I love reading fiction and non-fiction, and I love writing, so a reading journal is a wonderful combination of both passions.  Bibliotherapy is the technical term used when books are used for personal insight with or without a reading journal. These are some of the go-to non-fiction books that I keep on my bookshelf to read again and again (and how I use/have used each book for further journaling projects):

  • The New Encyclopedia of Flower Remedies by Clare G Harvey.  I love floral healing of any form.  Flower essences are great for the healing they bring and the creative ways you can use them.  The author signed my copy of this book at some exhibition many moons ago.  Journaling ideas:  Working with particular flower remedies – creating my remedies.
  • Good Faeries/Bad Faeries by Brian Froud.  This man is just a fantastic fantasy illustrator. He is most widely known for his 1978 book Faeries with Alan Lee and as the conceptual designer of The Dark Crystal and Labyrinth films.  Journaling ideas:  Creating short stories with parts of myself as a critical character, e.g. wicked mermaid faerie Loreli.
  • Women Who Run With Wolves by Clarissa Pinkola Estes.  A book for the wild woman in all of us.  Journaling ideas:  Using dialogue prompts to explore different feminine aspects of myself – I am the Wolf.
  • The Relaxation & Stress Reduction Workbook by Martha Davis, Elizabeth R Eshelman and Matthew McKay. This is a standard textbook I use in several of my courses.  It has been reprinted many times because it is so popular.  I particularly like it because you can dip in and out, and it is convenient with many techniques.  Journaling ideas:  Using and journaling through different techniques to improve resilience.
  • Benedictus by John O’Donohue.  This small hardback book is lovely to handle and smell.  I dip in and out of the text penned by the poet and writer and always find gentle blessings.  Journaling ideas: Creating blessings and prayers of my own or with clients.
  • Sacred House: where women weave words into the earth by Carolyn Hillyer.  A book was given to me by my sister, which I treasure.  Another book to dip and out of embracing the earth, spirit mothers, mystical journeys, sisterhood and the unfolding landscape of our travelling souls.  Journaling ideas: Goddess journaling – exploring my pagan nature – working with my feminine.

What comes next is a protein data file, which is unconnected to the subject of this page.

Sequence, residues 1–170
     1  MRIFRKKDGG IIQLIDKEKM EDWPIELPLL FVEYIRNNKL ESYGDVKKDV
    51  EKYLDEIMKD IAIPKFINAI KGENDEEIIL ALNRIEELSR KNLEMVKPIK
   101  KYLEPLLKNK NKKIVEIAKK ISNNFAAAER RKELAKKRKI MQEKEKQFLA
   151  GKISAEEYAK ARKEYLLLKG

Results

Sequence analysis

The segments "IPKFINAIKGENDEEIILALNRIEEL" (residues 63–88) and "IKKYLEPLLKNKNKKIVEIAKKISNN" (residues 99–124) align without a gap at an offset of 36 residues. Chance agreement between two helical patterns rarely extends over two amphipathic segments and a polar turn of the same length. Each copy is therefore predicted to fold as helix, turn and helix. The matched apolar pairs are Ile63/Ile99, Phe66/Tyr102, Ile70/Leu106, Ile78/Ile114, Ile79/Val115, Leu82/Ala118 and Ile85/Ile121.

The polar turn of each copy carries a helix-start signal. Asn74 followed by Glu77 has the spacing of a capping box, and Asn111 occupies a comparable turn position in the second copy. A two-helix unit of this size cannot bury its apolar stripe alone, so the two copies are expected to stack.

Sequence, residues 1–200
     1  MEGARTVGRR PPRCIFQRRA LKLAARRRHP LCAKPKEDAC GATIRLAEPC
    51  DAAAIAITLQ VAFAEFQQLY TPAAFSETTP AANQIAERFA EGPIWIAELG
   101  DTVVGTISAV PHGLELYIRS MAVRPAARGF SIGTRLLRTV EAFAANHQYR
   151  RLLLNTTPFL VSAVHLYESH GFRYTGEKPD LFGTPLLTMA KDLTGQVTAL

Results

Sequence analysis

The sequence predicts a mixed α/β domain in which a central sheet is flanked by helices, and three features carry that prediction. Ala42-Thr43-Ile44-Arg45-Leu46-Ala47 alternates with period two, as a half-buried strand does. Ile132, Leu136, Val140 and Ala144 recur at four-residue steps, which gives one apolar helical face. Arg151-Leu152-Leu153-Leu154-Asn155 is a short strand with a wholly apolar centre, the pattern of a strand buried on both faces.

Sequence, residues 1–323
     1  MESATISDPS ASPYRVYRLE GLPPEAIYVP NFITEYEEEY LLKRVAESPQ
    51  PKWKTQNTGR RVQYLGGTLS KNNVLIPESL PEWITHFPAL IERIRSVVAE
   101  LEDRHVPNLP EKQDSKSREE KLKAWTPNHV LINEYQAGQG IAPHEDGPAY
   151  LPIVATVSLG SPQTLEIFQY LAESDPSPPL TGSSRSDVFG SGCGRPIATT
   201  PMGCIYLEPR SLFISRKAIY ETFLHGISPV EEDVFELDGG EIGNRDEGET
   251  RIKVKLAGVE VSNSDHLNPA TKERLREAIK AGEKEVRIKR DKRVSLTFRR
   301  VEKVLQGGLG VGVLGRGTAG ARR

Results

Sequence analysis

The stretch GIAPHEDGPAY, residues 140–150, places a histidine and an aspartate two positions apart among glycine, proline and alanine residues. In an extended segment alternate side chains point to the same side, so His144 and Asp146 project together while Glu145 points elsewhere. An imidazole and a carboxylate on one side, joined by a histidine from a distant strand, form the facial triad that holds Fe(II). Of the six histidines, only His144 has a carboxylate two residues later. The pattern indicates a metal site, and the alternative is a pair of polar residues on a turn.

While fiction doesn’t have as direct an influence on self-development as non-fiction, I find that some books inspire me or reassure me, or give me a mental health escape route for a few hours.  These are some of the go-to fiction books that I keep on my bookshelf:

  • Earth’s Children Jean Auel.   This is a series of six books set way back in prehistoric times and follows the life of Ayla, from childhood to a medicine woman.
  • Mists of Avalon by Marion Zimmer Bradley.  Here the author tells the Arthurian legends from the perspective of the female characters, specifically following the life of Morgaine, a priestess fighting to save her Celtic religion in a country where Christianity threatens to destroy the pagan way of life. Other featured women include Gwenhwyfar, Viviane, Morgause and Igraine.
  • Mrs Read books (in real life Dora Saint).  She made real the idea of the English village school as a sane and safe haven for those growing up after the second world war.  The fictional accounts were based on her life as a village school teacher and were great at describing the joys of the countryside, from discovering a robin’s nest inside a hollow damson tree to smelling a field full of sage. Soooo soothing.

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